No prosecutor ever wants to take a case like that to trial. It is inhumane to expose to cross-examination the victim of statutory rape who, as in the Kaitlyn Hunt case, was a “consensual” victim. The enforcement of statutory rape law is very difficult for this reason, and the subsequent events in this case showed why it is so difficult. Yet if parents are the rightful guardians of their own children’s safety — including the duty to protect teenagers against “consensual” exploitation — the perpetrators of these crimes must be prosecuted. It is rather notoriously true that many such crimes are never prosecuted simply because law enforcement never becomes aware of these crimes. The 15-year-old sneaks off and hooks up with a 19-year-old and nobody ever catches them or complains, so the cops and courts never become involved. In other cases, the parents of the underage victim become aware that their teenager is being pursued by an adult and, as in the Hunt case, the parents warn the pursuer to leave their child alone “or else.” Faced with the threat of criminal prosecution, almost any 18- or 19-year-old would desist from their pursuit, no matter how much they might be “in love” with a minor.

Kaitlyn Hunt did the wrong thing over and over and over again. She could have walked away, but she didn’t. Even after she was charged with serious crimes (of which she knew she was guilty) Kaitlyn Hunt could have accepted the plea bargain offered to her by prosecutors. She didn’t.

What happened instead was a strategy that one psychologist has named DARVO — Deny, Attack, and Reverse Victim and Offender:

DARVO refers to a reaction that perpetrators of wrong doing, particularly sexual offenders, may display in response to being held accountable for their behavior. The perpetrator or offender may Deny the behavior, Attack the individual doing the confronting, and Reverse the roles of Victim and Offender such that the perpetrator assumes the victim role and turns the true victim into an alleged offender. . . .
It is important to distinguish types of denial, for an innocent person will probably deny a false accusation. Thus denial is not evidence of guilt. However, I propose that a certain kind of indignant self-righteousness, and overly stated denial, may in fact relate to guilt.
I hypothesize that if an accusation is true, and the accused person is abusive, the denial is more indignant, self-righteous and manipulative, as compared with denial in other cases. Similarly, I have observed that actual abusers threaten, bully and make a nightmare for anyone who holds them accountable or asks them to change their abusive behavior. This attack, intended to chill and terrify, typically includes threats of lawsuits, overt and covert attacks, on the whistle-blower’s credibility and so on.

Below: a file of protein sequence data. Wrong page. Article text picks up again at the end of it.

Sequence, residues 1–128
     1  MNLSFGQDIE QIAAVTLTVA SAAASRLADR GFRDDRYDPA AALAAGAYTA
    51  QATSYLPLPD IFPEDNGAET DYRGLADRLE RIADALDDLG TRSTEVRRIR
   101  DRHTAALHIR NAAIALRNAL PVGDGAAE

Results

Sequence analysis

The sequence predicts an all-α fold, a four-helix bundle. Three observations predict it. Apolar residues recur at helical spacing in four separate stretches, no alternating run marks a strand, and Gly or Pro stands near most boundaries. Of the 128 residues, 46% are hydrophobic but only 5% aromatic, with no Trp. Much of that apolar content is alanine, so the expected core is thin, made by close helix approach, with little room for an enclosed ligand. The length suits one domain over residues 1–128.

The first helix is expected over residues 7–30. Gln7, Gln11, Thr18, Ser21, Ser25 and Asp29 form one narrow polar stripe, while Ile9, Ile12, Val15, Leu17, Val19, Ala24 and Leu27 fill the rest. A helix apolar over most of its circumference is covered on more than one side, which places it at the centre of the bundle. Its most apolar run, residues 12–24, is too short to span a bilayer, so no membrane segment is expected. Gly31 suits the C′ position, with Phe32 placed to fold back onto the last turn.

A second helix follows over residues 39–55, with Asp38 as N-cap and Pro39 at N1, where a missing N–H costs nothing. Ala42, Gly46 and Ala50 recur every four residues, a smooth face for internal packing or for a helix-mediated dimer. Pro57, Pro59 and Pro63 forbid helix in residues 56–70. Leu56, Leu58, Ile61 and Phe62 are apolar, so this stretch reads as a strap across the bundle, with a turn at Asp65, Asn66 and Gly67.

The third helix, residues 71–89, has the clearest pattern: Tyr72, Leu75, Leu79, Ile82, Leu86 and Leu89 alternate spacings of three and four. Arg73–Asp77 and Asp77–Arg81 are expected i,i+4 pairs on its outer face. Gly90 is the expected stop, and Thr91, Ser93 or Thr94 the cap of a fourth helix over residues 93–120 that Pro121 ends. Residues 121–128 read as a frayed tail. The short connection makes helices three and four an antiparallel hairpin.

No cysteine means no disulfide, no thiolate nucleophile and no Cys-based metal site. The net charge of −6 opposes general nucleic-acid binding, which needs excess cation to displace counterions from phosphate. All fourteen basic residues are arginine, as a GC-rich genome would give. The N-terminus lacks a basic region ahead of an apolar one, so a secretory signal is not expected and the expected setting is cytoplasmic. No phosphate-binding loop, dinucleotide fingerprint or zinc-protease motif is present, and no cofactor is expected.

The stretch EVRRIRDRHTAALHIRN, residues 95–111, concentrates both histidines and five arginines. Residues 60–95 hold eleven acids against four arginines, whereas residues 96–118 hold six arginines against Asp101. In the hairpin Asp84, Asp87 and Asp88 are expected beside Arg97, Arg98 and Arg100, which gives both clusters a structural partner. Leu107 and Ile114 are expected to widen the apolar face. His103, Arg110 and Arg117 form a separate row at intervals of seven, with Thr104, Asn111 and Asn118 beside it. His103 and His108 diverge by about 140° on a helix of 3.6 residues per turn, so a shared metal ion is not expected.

The attack will often take the form of focusing on ridiculing the person who attempts to hold the offender accountable. The attack will also likely focus on ad hominem instead of intellectual/evidential issues.

When the criminal claims to be a victim — denouncing law enforcement and demonizing truth-tellers — these DARVO tactics function to confuse observers unfamiliar with the factual background of the case. Anyone familiar with the Brett Kimberlin case knows how confusing this can be. Despite the facts of the case, Kimberlin’s bogus Maryland lawsuit against me and three other defendants went all the way to trial before it was thrown out, and even then, Kimberlin did not cease.

The use of “lawfare” as an element of DARVO tactics is a problem with which I am directly familiar and, while I am not fully aware of all the details of the conflict between Thomas Mix and Jeanette Runyon, his lawsuit against her seems dubious to me, based on my own experience. John Biver believes her case has profound significance:

The more the public learns about large sections of the pro-“homosexual” agenda crowd the easier it will be for proponents of common sense to retake the culture. The public will be stunned to learn how “un-gay,” that is unhappy, many of those people truly are. And because they are miserable people, they lash out. . . .
Sometimes these people with damaged psyches use the Internet to harass and slander those they disagree with.

Read the whole series:

Where are those who will defend Jeanette Runyon’s rights? Where are those who care about religious liberty? Where is the Army of Davids?

Stand up! Stand up! Stand up!

UPDATE: Linked by John Hoge at Hogewashthanks!

UPDATE II: Are you threatening me, Mr. Mix? Gosh, it’s almost like you believe you can out-crazy Stacy McCain.




30 Responses to “The @Nero Solution (and an Unfortunate Update on the #FreeKate Fallout)”

  1. DonaldDouglas
    July 6th, 2016 @ 10:10 am

    And what happened to @Not_RSMcCain?

  2. CrustyB
    July 6th, 2016 @ 10:28 am

    Lies fuel everything. America runs on lies.

    I refuse to use the word “gay.” Gay was the old time that the Flintstones had. Ginger Rogers was that kind of divorcee. The word for weirdos whose lives revolve around fecal matter and cannot reproduce sexually is “homosexual.” It’s clinical, distinct, and true, everything this country hates.

  3. Slidellman4life
    July 6th, 2016 @ 10:44 am

    This just infuriates me. Makes me want to go down there and open up a good old-fashioned can of WA against that boy.